Senate passes Freedom Act, reforming some NSA practices
SAN DIEGO (KUSI) – To fight terrorism after 9/11, the U.S. has had the “Patriot Act” giving government the power to protect Americans, but it expired Sunday night.
Now, there is a new deal and within the last few minutes, President Obama has signed it.
This past weekend, the Nation’s security got entangled with politics. Senator Rand Paul believed passionately that America should not spy on Americans by gathering bulk phone records.
He fought and he won.
But don’t be misled, phone records will still be collected and saved. It just won’t be the government doing it and it will take a year for the National Security Agency to wind down the program.
The Senate went up to the Patriot Act expiration deadline and then went two days past it.
But in the end, Senators voted 67-32 for the same USA Freedom Act Bill the House had.
“The President will quickly sign it into law and give our law enforcement professionals once again tools that they say are critical in their efforts to keep the country safe,” said Josh Earnest, the White House Press Secretary.
For the time, the bill was in limbo, intelligence agencies could not use surveillance tools in place since 2006.
Under the USA Freedom Act, among other things, the government will no longer collect telephone metadata from million of Americans.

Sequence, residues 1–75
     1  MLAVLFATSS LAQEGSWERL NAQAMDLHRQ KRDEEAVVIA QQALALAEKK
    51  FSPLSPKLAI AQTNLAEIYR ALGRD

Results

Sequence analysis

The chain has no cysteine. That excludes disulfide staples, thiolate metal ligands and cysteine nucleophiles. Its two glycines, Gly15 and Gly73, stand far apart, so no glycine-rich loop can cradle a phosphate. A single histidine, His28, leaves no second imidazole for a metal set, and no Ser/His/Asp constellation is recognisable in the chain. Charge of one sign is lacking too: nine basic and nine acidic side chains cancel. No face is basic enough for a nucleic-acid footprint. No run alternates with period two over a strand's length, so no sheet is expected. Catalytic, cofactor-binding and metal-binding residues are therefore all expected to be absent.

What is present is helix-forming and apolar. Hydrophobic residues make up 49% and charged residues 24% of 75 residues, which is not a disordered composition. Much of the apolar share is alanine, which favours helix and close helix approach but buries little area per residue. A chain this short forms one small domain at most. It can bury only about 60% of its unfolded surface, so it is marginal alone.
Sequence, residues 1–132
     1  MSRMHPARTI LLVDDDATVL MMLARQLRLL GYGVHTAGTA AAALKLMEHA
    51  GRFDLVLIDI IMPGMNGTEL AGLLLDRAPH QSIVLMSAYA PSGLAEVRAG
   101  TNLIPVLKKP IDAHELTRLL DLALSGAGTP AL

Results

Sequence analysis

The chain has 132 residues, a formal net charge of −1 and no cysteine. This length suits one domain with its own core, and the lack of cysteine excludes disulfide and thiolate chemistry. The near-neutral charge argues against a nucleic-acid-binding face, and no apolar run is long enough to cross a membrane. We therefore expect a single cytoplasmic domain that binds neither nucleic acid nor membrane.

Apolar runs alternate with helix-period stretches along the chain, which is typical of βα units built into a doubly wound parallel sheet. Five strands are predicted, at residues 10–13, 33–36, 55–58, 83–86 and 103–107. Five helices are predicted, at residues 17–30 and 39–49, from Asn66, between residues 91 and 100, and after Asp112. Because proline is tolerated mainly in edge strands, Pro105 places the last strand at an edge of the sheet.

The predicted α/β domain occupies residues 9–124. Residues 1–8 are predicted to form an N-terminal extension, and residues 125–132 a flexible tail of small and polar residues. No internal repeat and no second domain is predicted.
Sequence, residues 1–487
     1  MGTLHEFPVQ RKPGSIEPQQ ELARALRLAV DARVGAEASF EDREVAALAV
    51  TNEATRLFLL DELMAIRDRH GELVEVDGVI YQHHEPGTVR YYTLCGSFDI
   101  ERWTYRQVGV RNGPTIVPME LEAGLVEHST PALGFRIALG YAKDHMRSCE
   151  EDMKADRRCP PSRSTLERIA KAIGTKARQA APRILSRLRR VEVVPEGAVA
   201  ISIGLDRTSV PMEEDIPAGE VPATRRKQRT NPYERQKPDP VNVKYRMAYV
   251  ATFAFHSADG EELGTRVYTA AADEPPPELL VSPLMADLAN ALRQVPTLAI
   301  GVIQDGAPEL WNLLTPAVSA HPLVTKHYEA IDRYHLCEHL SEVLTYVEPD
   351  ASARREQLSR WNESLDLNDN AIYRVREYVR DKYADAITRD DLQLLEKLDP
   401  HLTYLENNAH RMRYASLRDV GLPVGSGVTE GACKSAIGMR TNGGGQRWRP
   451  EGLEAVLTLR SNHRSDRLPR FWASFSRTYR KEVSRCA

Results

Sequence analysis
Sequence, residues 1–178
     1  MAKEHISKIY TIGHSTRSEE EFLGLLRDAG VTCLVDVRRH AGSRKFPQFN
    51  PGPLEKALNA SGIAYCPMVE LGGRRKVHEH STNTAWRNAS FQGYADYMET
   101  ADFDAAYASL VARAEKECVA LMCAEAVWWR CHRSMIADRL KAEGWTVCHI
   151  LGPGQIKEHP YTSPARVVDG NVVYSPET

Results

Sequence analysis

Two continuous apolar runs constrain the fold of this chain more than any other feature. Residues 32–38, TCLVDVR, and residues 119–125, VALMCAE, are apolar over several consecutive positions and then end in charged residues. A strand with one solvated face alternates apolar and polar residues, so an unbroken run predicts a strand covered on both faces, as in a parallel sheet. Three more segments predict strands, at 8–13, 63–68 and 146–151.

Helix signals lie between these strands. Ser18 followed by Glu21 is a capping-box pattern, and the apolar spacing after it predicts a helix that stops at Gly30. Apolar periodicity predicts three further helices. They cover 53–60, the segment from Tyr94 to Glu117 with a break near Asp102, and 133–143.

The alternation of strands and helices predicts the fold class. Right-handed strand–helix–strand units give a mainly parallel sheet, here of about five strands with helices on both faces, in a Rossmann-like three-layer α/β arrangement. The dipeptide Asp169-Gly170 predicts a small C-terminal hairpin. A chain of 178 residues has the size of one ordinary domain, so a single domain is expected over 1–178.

The new bill gives the job to phone companies.
The bill also requires the government to be more specific with warrants to get that phone metadata.
“The NSA could go to the foreign intelligence surveillance court and get a warrant, but the warrant could only name a specific person,” said Representative James Sensenbreener from Wisconsin.
Some Republicans wanted even tighter control on surveillance.
“There are a number of us who feel very strongly that this is a significant weakening of the tools that were put in place in the wake of 9/11 to protect the country,” said Senator Mitch McConnell, the Kentucky Republican Majority Leader.
Now with the President’s signature, the USA Freedom Act is the law, but that does not mean the Patriot Act provisions will go away quietly.
In fact, the bulk collection of phone records by the government will resume immediately and be phased out over the next year.